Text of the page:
For Dingell’s part, he never ceased to be a behind the scenes advocate of Polish American causes, including Poland’s NATO membership. He was the consummate politician who delivered results, but without the sometimes seamy implications of ‘machine’ politics. Dingell took the high road on issues, understanding intimately not only his immediate constituency but also American society as a whole. That understanding extended to knowing what would be in the best interests of the United States — NATO enlargement being a case in point. He appreciated, like all too few in Congress did in the early 1990s, Poland’s historical pain of Soviet subjugation; but more importantly, as an American he grasped the geo-strategic implications of integrating Central/Eastern Europe (with Poland ever as its center of gravity) into modern Europe. Without a concomitant security guarantee all the talk of ‘Partnership’ would have been so many words, substituting instead a U.S.–Russia dialogue for Poland’s future need of a military shield under NATO. And leaving the middle of Europe unguarded as it had been after 1918.
Members of Congress, big and small, knew where Congressman Dingell stood on Polish American issues. They didn’t need to ask, at least ultimately, about his position on the well-being of the powerful chairman’s patrimony, Poland. Thus, in the 1996 election year, the years-long opposition to NATO enlargement rather suddenly evaporated, setting the stage for President Clinton to do his part by getting the Treaty protocol into the U.S. Senate by mid-1997. While others took the lead in sponsoring early legislation, Dingell never took his eye off the ‘Poland-to-NATO ball’ and made sure other Members of Congress knew his view. He confirmed as much in our meetings with him.
The recent words of a current prominent Member of Congress suggest an epitaph of sorts for Dingell. She rightly observes that in Dingell’s era Committee Chairmen could periodically exercise greater power than the Speaker of the House! What was more, the way things were accomplished was to eschew ideological positions and work through the rules of the House toward bi-partisan compromise. Dingell understood this process well, as did the leadership of both parties. Her words also read like the FPA/Polish American playbook preamble used to win the fight in Congress almost TWO YEARS before the final Senate decision on the nuclear security guarantee to Poland. Some 14 weeks before the 1996 General Election both the House and Senate delivered in bi-partisan fashion their message to the President: Poland should be offered U.S.- lead security guarantees.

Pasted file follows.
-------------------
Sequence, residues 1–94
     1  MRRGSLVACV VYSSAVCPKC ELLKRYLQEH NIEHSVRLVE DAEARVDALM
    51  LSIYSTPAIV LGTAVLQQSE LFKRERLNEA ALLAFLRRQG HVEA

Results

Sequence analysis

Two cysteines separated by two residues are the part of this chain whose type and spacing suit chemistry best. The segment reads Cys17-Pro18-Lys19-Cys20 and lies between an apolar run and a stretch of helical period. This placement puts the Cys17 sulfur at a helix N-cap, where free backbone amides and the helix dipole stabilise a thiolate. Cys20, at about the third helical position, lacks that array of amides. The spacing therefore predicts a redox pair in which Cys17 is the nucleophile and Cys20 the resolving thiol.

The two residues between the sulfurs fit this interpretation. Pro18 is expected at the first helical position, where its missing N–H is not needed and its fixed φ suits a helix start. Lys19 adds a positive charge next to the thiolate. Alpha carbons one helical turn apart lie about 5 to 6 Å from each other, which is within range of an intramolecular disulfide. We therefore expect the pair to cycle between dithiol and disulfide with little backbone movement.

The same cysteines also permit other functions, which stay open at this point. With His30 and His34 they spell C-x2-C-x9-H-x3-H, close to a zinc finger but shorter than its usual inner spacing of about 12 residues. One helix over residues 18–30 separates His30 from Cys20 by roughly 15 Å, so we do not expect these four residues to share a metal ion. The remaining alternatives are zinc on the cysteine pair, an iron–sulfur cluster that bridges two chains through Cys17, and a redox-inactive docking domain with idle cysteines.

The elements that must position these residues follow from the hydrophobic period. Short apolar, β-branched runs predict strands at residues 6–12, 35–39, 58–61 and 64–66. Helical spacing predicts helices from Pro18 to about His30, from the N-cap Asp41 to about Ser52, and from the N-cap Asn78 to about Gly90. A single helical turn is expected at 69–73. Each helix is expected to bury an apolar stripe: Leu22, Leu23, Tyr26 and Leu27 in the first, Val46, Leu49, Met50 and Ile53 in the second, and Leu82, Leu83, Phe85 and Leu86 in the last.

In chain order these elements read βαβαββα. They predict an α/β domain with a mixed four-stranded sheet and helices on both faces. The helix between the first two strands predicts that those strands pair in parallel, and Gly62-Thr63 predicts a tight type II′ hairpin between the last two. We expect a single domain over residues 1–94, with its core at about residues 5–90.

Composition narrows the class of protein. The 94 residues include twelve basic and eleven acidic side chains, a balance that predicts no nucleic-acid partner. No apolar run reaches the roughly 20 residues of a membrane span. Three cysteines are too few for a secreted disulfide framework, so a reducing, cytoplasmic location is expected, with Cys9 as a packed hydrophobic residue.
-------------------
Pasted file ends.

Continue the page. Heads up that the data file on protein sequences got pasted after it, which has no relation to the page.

So yes, there is a passing of an era underway – but, it is due in general to the nature of the overheated political scene itself– and not just about the passing of a brilliant practitioner of the political art like Dingell. It was the NATO enlargement episode, and interactions with Congressman John Dingell among others, that represented the best example of Polish American political clout in Washington in a generation. April 2019 will be the 20th anniversary of the culmination of these events.
Contact – Richard Kosinski,
Federation of Polish Americans, Inc.
The Federation of Polish Americans, Inc. (FPA) is a non-partisan, not-for-profit organization dedicated to promoting the interests of Polish Americans in civic affairs. The FPA expresses its views on local, state, national and international issues of particular concern to the Polish American community. The FPA have been active politically since 1995.